Data privacy here and abroad

<p>The NYT Week in review ran an interesting article about data privacy today. I have been having ongoing conversatoins with colleagues about this kind of stuff, and was excited to see it so prominently featured in the Times.</p> <p>A few months ago at a conference=, Dan Robinson and I were talking and he asked "Imagine if you could see the file that choicepoint and experian have on you? Imagine if american;s could see the information that the private companies keep." There would be a revolution.</p> <p>Well, perhaps that revolution is coming. AS the times reports, over 50 million americans have had personal data compromised this year through criminal actions and incompetance. </p> <p>The Times article tries to explain why this is a pretty uniquely American issue:</p> <p><cite>[l:|More fundamentally, these two systems for dealing with data arise from a cultural divide over privacy itself. In broad terms, the United States looks at privacy largely as a consumer and an economic issue; in the rest of the developed world, it is regarded as a fundamental right.]</cite></p> <p>American's need to tell the government that we want our lives back, we want to controll out data and our digital identities.</p> <p>One of my colleagues, [l:|Fen Lebalme], is a leading thinker in this field, what is becoming known as "persistent identity on the web", his work with [l:|IdentityCommons] offers a promising glimpse at the way things could be if we took some drastic steps away from the current system whgere private companies own our data and profit off of it, and to a system where we once again own our data and control how it can be used.</p>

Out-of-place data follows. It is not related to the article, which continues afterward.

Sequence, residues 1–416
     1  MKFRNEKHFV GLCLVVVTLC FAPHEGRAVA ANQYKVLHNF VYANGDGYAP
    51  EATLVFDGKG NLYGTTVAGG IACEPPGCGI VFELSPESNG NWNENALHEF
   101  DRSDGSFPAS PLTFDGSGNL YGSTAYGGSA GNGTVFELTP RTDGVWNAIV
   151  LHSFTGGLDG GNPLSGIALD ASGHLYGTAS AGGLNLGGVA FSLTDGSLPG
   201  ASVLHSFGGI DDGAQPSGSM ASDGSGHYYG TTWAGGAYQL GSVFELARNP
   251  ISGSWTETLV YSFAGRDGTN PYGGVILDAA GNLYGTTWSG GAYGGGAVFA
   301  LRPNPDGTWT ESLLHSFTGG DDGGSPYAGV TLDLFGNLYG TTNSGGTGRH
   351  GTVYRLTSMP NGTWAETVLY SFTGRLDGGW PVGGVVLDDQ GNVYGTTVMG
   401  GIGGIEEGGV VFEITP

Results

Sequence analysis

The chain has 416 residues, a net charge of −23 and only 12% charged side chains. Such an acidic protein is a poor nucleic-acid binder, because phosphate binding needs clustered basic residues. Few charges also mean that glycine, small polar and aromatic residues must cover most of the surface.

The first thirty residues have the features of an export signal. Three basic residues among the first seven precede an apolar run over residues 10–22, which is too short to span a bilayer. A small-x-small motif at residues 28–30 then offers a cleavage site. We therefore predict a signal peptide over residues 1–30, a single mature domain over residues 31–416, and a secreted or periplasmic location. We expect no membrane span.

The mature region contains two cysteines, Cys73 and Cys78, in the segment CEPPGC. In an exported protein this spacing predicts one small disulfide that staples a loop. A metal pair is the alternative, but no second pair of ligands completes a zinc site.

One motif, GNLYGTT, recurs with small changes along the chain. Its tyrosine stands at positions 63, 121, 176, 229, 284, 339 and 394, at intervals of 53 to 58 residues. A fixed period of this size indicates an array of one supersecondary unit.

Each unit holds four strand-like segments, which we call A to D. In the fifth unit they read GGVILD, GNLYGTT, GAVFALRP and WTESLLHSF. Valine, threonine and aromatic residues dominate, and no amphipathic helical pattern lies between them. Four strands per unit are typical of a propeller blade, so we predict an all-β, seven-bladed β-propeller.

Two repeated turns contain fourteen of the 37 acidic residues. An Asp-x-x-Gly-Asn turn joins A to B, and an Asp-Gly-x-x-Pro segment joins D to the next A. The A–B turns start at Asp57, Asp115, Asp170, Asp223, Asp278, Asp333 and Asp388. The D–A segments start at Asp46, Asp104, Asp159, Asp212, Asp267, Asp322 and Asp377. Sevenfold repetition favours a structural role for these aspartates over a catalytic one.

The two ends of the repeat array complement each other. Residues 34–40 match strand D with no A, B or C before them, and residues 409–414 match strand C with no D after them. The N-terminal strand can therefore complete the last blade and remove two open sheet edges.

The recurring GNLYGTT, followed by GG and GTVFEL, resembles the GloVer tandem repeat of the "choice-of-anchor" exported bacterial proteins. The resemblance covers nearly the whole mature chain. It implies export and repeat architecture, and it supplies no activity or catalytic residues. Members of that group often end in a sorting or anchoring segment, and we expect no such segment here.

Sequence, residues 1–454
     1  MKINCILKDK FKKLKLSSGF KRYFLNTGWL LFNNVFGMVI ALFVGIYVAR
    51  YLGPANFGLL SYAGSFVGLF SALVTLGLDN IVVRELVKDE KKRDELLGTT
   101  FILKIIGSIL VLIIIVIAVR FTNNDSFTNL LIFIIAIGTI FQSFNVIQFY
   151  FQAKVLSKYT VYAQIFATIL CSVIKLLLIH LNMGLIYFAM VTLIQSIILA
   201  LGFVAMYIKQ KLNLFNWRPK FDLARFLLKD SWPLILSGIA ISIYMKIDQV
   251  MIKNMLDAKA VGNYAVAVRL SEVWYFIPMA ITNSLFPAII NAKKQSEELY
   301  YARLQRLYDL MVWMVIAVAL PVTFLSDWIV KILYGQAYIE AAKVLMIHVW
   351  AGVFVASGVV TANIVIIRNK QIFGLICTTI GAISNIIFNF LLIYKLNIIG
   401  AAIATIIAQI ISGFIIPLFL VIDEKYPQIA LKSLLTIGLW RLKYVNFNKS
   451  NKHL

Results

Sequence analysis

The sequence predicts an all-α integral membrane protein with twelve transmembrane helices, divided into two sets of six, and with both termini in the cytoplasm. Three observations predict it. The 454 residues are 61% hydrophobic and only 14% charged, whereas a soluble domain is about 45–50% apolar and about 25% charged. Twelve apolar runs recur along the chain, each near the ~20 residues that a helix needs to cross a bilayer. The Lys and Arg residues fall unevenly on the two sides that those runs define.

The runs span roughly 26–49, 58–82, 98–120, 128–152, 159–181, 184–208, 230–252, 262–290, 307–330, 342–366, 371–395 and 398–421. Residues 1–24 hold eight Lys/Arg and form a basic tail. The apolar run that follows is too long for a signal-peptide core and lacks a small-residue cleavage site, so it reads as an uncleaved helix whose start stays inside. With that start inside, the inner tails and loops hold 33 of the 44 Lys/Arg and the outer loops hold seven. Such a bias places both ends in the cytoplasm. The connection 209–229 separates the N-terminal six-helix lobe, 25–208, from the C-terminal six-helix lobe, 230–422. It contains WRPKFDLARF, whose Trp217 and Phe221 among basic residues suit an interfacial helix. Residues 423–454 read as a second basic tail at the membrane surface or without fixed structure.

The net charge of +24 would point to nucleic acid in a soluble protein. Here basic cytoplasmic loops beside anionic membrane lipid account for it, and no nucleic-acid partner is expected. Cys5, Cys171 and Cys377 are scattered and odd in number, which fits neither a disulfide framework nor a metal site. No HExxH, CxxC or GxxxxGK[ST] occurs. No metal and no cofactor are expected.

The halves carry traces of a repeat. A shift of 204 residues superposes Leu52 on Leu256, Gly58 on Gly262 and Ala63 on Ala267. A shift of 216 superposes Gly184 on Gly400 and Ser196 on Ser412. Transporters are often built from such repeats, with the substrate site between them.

Discover more from Gregory Heller

Subscribe now to keep reading and get access to the full archive.

Continue reading